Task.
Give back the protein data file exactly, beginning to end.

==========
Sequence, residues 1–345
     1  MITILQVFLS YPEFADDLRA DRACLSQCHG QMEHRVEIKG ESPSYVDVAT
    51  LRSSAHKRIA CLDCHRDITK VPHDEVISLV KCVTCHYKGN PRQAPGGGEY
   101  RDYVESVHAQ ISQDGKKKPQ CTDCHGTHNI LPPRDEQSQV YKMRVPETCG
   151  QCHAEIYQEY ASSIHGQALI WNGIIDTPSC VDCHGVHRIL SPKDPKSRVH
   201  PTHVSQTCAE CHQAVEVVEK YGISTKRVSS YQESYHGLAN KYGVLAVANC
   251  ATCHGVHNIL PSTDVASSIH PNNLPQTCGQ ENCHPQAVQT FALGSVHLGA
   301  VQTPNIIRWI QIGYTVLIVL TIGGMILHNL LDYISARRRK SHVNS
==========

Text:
Sequence, residues 1–345
     1  MITILQVFLS YPEFADDLRA DRACLSQCHG QMEHRVEIKG ESPSYVDVAT
    51  LRSSAHKRIA CLDCHRDITK VPHDEVISLV KCVTCHYKGN PRQAPGGGEY
   101  RDYVESVHAQ ISQDGKKKPQ CTDCHGTHNI LPPRDEQSQV YKMRVPETCG
   151  QCHAEIYQEY ASSIHGQALI WNGIIDTPSC VDCHGVHRIL SPKDPKSRVH
   201  PTHVSQTCAE CHQAVEVVEK YGISTKRVSS YQESYHGLAN KYGVLAVANC
   251  ATCHGVHNIL PSTDVASSIH PNNLPQTCGQ ENCHPQAVQT FALGSVHLGA
   301  VQTPNIIRWI QIGYTVLIVL TIGGMILHNL LDYISARRRK SHVNS